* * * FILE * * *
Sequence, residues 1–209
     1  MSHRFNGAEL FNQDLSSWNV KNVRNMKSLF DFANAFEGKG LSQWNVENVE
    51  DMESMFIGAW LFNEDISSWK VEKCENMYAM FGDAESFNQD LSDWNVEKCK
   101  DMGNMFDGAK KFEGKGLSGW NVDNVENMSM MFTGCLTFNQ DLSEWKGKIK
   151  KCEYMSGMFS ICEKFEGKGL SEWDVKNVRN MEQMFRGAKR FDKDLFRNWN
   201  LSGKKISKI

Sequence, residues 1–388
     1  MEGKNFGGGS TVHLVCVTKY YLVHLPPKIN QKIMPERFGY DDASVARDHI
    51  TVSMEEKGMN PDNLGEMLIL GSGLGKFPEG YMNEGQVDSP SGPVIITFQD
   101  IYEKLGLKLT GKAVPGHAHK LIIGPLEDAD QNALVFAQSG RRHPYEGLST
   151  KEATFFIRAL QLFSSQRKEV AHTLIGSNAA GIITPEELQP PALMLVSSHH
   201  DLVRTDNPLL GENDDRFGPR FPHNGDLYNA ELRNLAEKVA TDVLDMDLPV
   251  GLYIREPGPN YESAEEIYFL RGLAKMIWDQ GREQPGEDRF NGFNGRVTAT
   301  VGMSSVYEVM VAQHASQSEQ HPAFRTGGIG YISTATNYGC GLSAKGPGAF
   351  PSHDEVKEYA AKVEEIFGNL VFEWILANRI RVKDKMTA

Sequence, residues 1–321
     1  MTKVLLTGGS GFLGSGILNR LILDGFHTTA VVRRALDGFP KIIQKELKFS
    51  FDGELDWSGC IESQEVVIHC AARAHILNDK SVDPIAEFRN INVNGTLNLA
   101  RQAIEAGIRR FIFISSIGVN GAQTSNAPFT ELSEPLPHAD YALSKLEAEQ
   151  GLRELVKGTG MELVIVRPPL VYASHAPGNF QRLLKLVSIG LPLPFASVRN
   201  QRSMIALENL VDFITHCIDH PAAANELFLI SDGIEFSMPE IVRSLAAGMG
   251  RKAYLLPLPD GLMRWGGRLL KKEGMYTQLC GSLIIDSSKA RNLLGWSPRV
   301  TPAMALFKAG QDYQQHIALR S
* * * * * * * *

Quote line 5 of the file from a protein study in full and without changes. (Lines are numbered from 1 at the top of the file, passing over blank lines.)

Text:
   151  KCEYMSGMFS ICEKFEGKGL SEWDVKNVRN MEQMFRGAKR FDKDLFRNWN